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Update: Apple jumps gun, delivers early iOS 4.3 update for AT&T iPhone, iPad

Adds Wi-Fi tethering, iTunes sharing; patches nearly 60 bugs, which may throw wrench into hackers' plans at Pwn2Own

March 9, 2011 03:32 PM ET

Computerworld - Apple today released iOS 4.3, an upgrade for its iPhone and iPad operating system, pushing the update to users two days early.

Last week, Apple said it would roll out iOS 4.3 on Friday, March 11, the same day that its new iPad 2 goes on sale. The company did not immediately respond today to questions about why it jumped the gun.

But the annual Pwn2Own hacking contest, where an iPhone will be one of four smartphones targeted by researchers, was not the reason.

According to Peter Vreugdenhil, of HP TippingPoint, Pwn2Own's sponsor, the smartphone's operating systems were "frozen" two weeks before today's contest tip-off, and so the target iPhone 4 will not sport iOS 4.3.

"Exploit development does sometimes rely on certain versions and that is the reason we have frozen the devices," said Vreugdenhil in an e-mail reply to questions today.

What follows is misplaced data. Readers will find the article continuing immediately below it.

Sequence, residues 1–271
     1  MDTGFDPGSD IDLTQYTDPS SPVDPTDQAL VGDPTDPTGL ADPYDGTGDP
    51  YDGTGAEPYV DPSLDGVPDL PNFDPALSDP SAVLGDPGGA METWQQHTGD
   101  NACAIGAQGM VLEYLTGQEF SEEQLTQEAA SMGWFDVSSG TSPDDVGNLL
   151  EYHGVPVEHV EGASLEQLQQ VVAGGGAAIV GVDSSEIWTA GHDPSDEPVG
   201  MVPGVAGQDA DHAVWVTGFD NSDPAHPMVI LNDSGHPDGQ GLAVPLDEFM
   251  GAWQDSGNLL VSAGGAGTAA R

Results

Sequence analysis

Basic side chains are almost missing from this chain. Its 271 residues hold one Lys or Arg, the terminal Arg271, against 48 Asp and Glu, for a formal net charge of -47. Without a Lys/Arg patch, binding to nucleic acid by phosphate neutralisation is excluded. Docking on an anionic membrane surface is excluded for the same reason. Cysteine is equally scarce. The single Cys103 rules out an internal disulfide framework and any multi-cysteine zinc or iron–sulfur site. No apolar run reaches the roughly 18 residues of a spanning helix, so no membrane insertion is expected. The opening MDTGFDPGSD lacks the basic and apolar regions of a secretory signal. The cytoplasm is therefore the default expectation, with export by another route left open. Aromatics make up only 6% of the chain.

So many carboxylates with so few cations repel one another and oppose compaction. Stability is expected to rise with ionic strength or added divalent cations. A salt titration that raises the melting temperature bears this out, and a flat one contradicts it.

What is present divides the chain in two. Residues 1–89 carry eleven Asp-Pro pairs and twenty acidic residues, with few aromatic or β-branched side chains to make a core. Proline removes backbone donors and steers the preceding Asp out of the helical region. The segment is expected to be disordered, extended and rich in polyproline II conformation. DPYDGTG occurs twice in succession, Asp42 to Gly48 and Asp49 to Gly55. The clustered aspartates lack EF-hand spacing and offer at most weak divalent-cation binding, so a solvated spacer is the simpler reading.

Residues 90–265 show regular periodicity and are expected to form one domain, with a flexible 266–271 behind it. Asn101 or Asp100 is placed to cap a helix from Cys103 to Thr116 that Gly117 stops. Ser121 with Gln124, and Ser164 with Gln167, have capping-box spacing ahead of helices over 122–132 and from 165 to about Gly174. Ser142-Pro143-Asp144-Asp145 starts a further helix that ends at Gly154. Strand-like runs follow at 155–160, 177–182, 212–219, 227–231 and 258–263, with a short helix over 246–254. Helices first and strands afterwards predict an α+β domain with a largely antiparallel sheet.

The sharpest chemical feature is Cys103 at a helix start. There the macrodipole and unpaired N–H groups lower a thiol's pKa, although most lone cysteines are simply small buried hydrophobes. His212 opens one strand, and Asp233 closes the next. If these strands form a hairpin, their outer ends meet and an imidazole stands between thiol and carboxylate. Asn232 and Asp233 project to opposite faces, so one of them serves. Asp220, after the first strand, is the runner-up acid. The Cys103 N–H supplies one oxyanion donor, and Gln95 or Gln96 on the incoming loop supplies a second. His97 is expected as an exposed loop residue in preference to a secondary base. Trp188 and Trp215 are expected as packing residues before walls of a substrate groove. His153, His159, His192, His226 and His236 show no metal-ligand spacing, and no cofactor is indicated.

Among the new features in iOS 4.3 are Personal Hotspot, Apple's term for Wi-Fi tethering; Home Sharing, which lets users access their iTunes collections on their Macs or PCs from an iPhone, iPad or iPod Touch; and a faster edition of the Safari browser based on Apple's new Nitro JavaScript engine.

Personal Hotspot lets iPhone 4 owners create a temporary Wi-Fi hotspot, which other hardware, like a tablet or notebook, can use to connect to the Internet. To use the Wi-Fi tethering, customers must sign up with the service with their mobile carrier.

AT&T, which earlier said it would support Personal Hotspot on Friday, charges $45 per month for a bundle that includes tethering and its Data Pro plan, with a combined allowance of 4GB of data per month. Data usage above the 4GB allotment runs $10 per gigabyte.

According to an AT&T spokesman, the company's tethering plan is available for ordering today.

Also included in the iOS 4.3 update are patches for 59 vulnerabilities, the bulk of them in WebKit, the open-source browser engine that powers Apple's Safari on both the desktop and on its mobile devices.

The patches may play a part in the Pwn2Own contest, however. If the vulnerability used by a researcher to hack the iPhone has been fixed in iOS 4.3, TippingPoint will not award the $15,000 prize to him or her, Vreugdenhil confirmed today. Instead, the cash will go to the first researcher who exploits the "frozen" version of iOS using a bug still present in iOS 4.3.

"As long as the latest version still has the vulnerability, and the researcher has successfully 'pwned' with the frozen version, he or she will have won," said Vreugdenhil.

Apple has spelled out the iOS 4.3 improvements and additions on its Web site.



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